FDA slaps a hold on Agios’ PK drug, forcing the biotech to kill it in favor of an internal rival
A few days ago, Agios $AGIO was trying to decide whether it should take AG-348 or AG-519 into a pivotal trial for rare cases of pyruvate kinase (PK) deficiency. But now the FDA has made the decision for Agios, handing down a clinical hold on AG-519 that persuaded the biotech to scrap the program altogether.
The hold, Agios CEO David Schenkein tells me, was triggered by an earlier case of cholestatic hepatitis that was reported at ASH a little more than a week ago. One of the patients in a bioavailability study taking a 300 mg dose was hit by the liver disease. And even though “she’s improving” while Agios was also “likely to move to 50 mg or lower (for the pivotal), one can’t be sure we wouldn’t have seen this again.”
That case of cholestatic hepatitis — which can damage the liver — rattled investors at the time, badly denting the biotech’s shares. And Agios took a 20% hit on its share price in after-market trading today.
AG-348 has more data, but analysts have been questioning whether a more potent 519 could make for a better gamble than a drug with a waning impact. Investigators also recorded evidence of aromatase inhibition for AG-348, says Schenkein, but without clinical impact. AG-348, he adds, “is a terrific drug with compelling data.”
It also has the kind of risk/benefit profile that is worth a pivotal gamble, he adds, as opposed to what they have now in 519. Not all analysts are likely to buy off on that without question.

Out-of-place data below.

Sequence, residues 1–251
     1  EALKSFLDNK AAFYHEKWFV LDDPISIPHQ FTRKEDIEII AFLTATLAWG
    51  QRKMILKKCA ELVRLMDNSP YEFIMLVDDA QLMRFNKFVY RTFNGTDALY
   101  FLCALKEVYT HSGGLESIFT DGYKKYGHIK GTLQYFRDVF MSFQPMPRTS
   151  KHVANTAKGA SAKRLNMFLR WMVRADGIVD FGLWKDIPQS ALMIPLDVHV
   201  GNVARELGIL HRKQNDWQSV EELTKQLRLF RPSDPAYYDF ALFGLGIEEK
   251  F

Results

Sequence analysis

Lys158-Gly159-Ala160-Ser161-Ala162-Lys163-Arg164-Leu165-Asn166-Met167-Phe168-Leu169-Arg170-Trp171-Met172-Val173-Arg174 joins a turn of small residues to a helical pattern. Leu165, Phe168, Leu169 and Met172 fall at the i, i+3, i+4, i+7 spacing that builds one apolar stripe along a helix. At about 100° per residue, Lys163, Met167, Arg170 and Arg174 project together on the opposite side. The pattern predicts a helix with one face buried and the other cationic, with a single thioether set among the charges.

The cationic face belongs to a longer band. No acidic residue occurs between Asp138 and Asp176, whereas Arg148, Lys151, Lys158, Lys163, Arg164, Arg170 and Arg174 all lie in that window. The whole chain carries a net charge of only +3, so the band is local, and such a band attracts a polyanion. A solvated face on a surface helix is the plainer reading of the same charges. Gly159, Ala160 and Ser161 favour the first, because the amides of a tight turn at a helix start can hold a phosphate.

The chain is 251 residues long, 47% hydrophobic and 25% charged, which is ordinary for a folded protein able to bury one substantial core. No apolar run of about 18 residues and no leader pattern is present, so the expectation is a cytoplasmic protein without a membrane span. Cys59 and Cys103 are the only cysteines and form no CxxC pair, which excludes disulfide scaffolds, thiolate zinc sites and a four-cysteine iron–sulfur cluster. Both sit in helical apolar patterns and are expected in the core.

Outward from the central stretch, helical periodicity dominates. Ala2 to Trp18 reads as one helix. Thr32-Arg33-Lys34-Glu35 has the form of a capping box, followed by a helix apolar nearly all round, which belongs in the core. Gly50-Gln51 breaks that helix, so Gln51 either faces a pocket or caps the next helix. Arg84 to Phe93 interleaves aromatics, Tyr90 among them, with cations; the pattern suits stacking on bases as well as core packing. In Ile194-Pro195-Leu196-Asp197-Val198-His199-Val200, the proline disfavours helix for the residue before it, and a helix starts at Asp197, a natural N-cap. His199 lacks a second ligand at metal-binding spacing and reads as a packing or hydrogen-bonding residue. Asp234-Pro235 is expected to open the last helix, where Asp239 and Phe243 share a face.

“Follow-on compound AG-519 appears to be slightly more potent, at least based on pharmacodynamics (PD) markers while lacking aromatase inhibition of AG-348,” noted Leerink’s Michael Schmidt in an ASH update, as Agios shares slid on the reaction. “One drug-related serious adverse event (SAE) of cholestatic hepatitis at a high dose level is being investigated, but the dose expected to move into Ph III is expected to be significantly lower according to mgmt.”
PK deficiency is a rare inherited disease that triggers the accelerated destruction of red blood cells. The biotech’s lead programs are AG-120 and AG-220 for cancers with IDH1 and IDH2 mutations.
“We share the FDA’s commitment to patient safety and believe this is the right decision to ultimately help people with PK deficiency,” said Schenkein in a statement. “As the lead compound in our PKR program, AG-348 has demonstrated clear proof of concept with robust, rapid and sustained increases in hemoglobin in patients with PK deficiency. Based on our clinical experience with DRIVE PK, we are developing a registration path for AG- 348 in adult PK deficiency patients and plan to discuss this strategy with regulators.”